Tena koutou, Tena koutou, Tena koutou katoa and shalom.

There’s a sense of deja vu as we gather here today. Many of us did this in 2014 and many of the messages were exactly the same.

Today I’m just going to cover another point as a historian. 

We’ve seen the conflict between Israel and Gaza and it’s been all too real the battle that we’ve seen on our screens. 

But there’s another battle that has been going on in the way the story has been told and the way the narrative has even shaped.  The use of language has a significant impact, and sadly one of the flow on effects of a distorted picture has been the upsurge in antisemitism – a 400% increase reported in Britain for example. 

A couple of the terms we frequently hear bandied about and misapplied to Israel —  are the words colonisation and colonialism.

Put simply, colonisation describes the process by which an empire, such as the British sent people to places like New Zealand and Australia, to create new societies, very similar to their own. In the process, the indigenous people were often dispossessed and mistreated.

In Aotearoa NZ, the treatment of Maori was more humanitarian than in other places, with the signing of a treaty.  However, injustices were perpetrated and we are still dealing with the consequences today.

Academics have devised a settler colonial framework to analyse the past, but it is often politicised and the true history is frequently manipulated and distorted. 

The state of Israel has often been viewed through this lens and this thinking filters down to media, to politicians and to the street. 

I would argue that Settler colonialism is an entirely inappropriate and inadequate framework for viewing the Israel/Palestinian conflict. Furthermore, superimposing our local history on the Middle East, as a way of understanding what’s happening there, simply does not work.

For a start, how can you call a people who have had a presence in the land for more than 3 1/2 thousand years, foreign settlers or colonialists? It is much more accurate to see them as an indigenous people returning to the land of their ancestors – remembering of course – that there have always been Jews living in the land. In Maoritanga we talk about the remnant who keep ahi kaa in the land – they keep the home fires burning by their presence. In places like Hebron, where Abraham and Sarah are buried, Safed, Jerusalem and Tiberias, there have been Jews living for millennia.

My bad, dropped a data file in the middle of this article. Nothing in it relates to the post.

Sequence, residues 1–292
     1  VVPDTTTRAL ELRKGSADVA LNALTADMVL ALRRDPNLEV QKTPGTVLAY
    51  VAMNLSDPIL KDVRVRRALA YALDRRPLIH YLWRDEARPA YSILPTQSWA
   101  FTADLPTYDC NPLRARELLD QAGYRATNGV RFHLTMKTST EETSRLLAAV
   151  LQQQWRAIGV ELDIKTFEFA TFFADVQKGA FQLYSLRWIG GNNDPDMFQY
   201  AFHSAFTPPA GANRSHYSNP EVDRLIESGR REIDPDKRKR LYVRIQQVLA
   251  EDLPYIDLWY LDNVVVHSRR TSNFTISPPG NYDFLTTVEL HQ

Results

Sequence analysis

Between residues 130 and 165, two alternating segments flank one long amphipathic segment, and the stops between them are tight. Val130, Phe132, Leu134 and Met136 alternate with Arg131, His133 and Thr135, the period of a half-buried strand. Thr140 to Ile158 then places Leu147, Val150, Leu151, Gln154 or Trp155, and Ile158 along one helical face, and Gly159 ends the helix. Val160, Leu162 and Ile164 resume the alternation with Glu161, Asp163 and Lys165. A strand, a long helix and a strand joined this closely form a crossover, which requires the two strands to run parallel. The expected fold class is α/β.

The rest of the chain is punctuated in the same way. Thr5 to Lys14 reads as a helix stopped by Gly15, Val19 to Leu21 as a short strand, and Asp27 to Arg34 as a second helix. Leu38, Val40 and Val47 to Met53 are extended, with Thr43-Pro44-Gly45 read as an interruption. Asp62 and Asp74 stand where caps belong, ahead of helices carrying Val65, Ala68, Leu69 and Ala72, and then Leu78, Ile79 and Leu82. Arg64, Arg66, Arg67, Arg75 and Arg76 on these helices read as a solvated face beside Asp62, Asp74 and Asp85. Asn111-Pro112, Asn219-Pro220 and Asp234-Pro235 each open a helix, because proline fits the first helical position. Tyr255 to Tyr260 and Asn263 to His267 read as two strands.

The defining factors of indigeneity include self-identification; historical continuity; strong linkages to the land; distinct language, culture, and beliefs and a commitment to maintaining the group’s distinctive identity, we see all these elements in the Jewish connection to Israel – in religious practices like the daily prayers facing Jerusalem, in cultural practices and festivals like Passover or Pesach, which ends with the prayer “next year in Jerusalem”, in the many tapu sites throughout the land where Jewish tupuna are buried, and in the miraculous revival of Hebrew as an everyday language. 

The Jewish people qualify in every respect as indigenous to the land of Israel. When we add to that, the archeological, historical and genetic evidence, it is not too much to suggest that no people group can claim a stronger connection to an ancestral homeland. 

When politicians and activists say they stand with the tangata whenua, they should recognise that Jews are the tangata whenua of the land of Israel.

When politicians and activists say they stand against racism, they must also stand against the genocidal Jew-hatred of Hamas.

We declare our support for Israel, but also those Palestinians – and there are many – who seek peace and freedom from their terrorist regime. We call on our government to unequivocally condemn the terror group Hamas that pours its resources into terror tunnels and rockets, and incites Jew-hatred in its school curriculum – something that we Kiwis fund with our tax dollars via our ongoing support for UNWRA.  

And so from Aotearoa NZ we send our aroha to Israel and say Kia kaha – Kei te tū matou ia koutou.

Be strong – We are standing with you.

Kia kaha – Kei te tū matou ia koutou.

Be strong – We are standing with you.